The house is usually in darkness inside with only the illumination from the bulb over the door. The dog is patiently waiting to be let out for his evening run. The joy is apparent in every line of his doggy body, he makes me smile no matter how exasperated I might be. Even when my hip and knee hurt so bad that taking him walkies is a chore. He is happy and he makes me happy.

I wonder then about my friends who have children and how hard it must be for them to leave each day, entrust their children to sitters and caregivers, at least the ones pre-school. And the friends who have to wake their children in the wee hours of the morning to get them to school, who barely see their children when they get home from work. They are growing up without us. Husbands who barely see their wives other than to ask briefly where dinner is or what is happening tomorrow. Wives who feel guilty about how little time they have and try to be superwomen and do it all, burning themselves out. I used to be one of them once. Is it worth it you think?

We all ask, where did the time go? I know the days are getting shorter again, because the setting sun comes through the window of my office earlier now. The year has sped past, soon it will be Christmas again. We find all kinds of ways to complicate our lives. We must do this or have that. But at what cost? Is it better to send your child to a “prestige” school where they spend half their life on the road, having interviewed several kids from so-called prestige schools recently for a vacancy in the department, I was struck by how badly they spoke. It was eye opening. I wonder now what the big deal was and still is. 

As I traverse the highway, making for home that is really a hotel, a place to sleep because I am too tired to do more, there is lots of time to contemplate life.

Written by coffeewallah

September 4, 2008 at 9:22 pm

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Making lists or the perils of getting older

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I make lists all the time. Grocery lists, to-do lists, to go lists, completed work, uncompleted work, bills paid, bills unpaid; lots of lists. It constantly amazes me this list writing, I used to be able to keep all this stuff in my head. And then, for a while, being re-assimilated into the corporate culture, I went to all this training, we learnt to document, make lists, plan. It seems now like a symptom, a dumbing down. All these things that we knew, reduced to lines on a page. Encouraged not to dream, but to acutalise our dreams by committing them to concrete planning to make them a reality.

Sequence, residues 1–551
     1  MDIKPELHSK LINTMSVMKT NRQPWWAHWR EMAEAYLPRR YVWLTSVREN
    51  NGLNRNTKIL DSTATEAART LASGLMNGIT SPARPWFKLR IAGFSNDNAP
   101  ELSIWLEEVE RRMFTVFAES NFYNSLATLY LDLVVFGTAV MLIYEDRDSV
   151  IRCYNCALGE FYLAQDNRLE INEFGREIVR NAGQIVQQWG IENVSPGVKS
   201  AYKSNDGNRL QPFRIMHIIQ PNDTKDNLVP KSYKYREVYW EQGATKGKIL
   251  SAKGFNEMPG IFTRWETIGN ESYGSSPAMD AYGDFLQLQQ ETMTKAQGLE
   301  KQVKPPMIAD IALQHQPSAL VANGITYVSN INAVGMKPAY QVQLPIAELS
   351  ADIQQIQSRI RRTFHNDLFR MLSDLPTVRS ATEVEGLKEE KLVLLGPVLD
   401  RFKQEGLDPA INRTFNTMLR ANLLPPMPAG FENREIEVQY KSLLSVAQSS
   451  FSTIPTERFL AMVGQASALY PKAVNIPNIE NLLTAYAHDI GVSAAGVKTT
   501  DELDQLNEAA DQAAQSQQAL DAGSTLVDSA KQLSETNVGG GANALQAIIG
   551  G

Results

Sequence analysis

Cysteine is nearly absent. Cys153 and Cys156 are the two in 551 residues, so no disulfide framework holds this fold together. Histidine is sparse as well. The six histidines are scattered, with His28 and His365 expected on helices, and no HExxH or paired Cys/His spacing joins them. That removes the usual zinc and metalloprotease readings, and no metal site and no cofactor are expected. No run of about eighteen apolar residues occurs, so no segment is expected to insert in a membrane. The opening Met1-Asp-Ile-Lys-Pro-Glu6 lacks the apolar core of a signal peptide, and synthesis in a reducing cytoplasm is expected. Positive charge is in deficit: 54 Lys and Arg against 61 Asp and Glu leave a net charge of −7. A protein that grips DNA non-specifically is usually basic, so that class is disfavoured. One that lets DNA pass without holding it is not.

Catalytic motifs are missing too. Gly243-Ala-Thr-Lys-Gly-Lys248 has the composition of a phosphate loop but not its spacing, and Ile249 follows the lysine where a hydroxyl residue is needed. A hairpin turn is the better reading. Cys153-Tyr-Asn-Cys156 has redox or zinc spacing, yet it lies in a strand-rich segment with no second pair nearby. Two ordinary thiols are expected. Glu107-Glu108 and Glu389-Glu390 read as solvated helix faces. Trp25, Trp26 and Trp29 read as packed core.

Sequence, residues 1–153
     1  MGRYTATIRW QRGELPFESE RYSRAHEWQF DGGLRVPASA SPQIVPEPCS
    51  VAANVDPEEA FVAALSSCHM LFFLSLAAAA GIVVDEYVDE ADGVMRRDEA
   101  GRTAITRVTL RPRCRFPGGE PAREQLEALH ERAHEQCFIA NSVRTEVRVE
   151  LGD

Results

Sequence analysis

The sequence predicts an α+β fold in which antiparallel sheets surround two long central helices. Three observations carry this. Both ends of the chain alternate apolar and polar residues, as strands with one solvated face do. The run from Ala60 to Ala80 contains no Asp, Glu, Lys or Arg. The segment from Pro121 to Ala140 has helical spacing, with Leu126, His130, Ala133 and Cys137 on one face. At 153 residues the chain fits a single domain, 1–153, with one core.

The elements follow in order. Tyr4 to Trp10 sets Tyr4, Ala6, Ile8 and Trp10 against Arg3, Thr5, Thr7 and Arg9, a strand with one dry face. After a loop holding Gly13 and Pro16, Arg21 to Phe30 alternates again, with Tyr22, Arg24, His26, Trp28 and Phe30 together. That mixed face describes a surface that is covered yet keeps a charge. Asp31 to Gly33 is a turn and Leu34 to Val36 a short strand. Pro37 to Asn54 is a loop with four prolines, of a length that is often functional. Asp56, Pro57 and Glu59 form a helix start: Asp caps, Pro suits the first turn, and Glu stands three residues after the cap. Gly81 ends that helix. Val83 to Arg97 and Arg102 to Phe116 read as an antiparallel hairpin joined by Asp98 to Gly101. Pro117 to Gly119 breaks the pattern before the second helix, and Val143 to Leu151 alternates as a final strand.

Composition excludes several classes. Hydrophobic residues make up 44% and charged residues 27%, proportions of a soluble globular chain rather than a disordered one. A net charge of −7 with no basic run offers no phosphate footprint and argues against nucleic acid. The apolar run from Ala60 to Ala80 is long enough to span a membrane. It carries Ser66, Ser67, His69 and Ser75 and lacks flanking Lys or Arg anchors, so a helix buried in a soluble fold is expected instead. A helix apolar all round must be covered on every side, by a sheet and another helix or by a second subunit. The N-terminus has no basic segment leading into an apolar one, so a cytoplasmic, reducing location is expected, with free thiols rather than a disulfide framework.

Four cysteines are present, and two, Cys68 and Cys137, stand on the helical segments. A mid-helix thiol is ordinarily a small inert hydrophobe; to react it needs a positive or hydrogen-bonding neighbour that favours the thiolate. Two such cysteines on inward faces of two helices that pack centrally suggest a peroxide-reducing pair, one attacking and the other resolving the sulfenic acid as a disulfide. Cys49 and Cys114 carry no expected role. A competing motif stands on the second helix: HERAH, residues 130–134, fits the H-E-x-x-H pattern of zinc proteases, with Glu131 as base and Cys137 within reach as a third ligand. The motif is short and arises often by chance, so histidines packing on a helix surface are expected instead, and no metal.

Shudder. Because you see, the purpose of my dreaming is to gain respite from this moment. I don’t necessarily want to DO some of the things I dream about, if I did, I would. My philosophy in the last few  years, live in the moment. That does not mean not plan or have long term goals, it is the acceptance that yesterday is a memory and tomorrow is a dream, today is all you have. Instead of constantly being dissatisfied, ever waiting, appreciate the now for what it is. 

And this is what is starting to bother me about all these lists. They are everywhere. I find them in my notebooks, on the microwave, in my handbag, on my computer. My day is constantly being organised around a list, the delineations of time where every moment is planned for. They are reminders, of what might be, what I should or could be doing.  Isn’t it terrible, to be afraid of something as banal as letters/words on a piece of paper or computer screen?

Written by coffeewallah

August 26, 2008 at 6:13 pm

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Lightening BOLT!

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Did you see it? You must have been watching. When I wrote the post below earlier I knew there was a good chance that Usain Bolt was going to go home with the gold. Watching him float down the track, thirty metres from the finish line when he realised he was out in front by a mile, he just cruised home. No one could catch him though Richard Thompson did give him a run in the middle.

As for Richard, you go boy! We know everyone is suddenly going to take credit for your achievement, but boy, you really did it.  It’s been thirty two years since Montreal and Hasely Crawford but I’m pretty sure Crawfie, sitting up in the stands had the hugest smile on his face, genuinely pleased to see another Caribbean boy on the podium.

Written by coffeewallah

August 16, 2008 at 3:05 pm

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Caribbean cook-up

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If you live in the Caribbean or are a part of the Caribbean disapora, at 8:10 am there was good possibility that you were chewing your nails, wringing your hands or whatever it is you do to mitigate stress. As the Caribbean hopes came to the starting line, it did not matter if you were from Ocho Rios or Sangre Grande, eyes were trained on the Beijing Olympics. The Caribbean made an impressive showing, we were everywhere. Truthfully, we were all rooting for our own countrymen but really, it doesn’t matter. They all have all captured our imaginations and our hearts.

Bolt, Burns, Powell, Thompson, Collins, Atkins, Frater and Martina, out of sixteen men starting, eight of them from the Caribbean. We may not realise the significance of this achievement, what does it mean? That in the WHOLE WORLD, the Caribbean, with a combined population less than some large US city, had eight men in the semi finals of the men’s 100m, six of whom are going to be running in the final later today. To all those politicians who fail to see that the Caribbean community must come together in order to have some parity in the world, put that in your pipe and smoke it.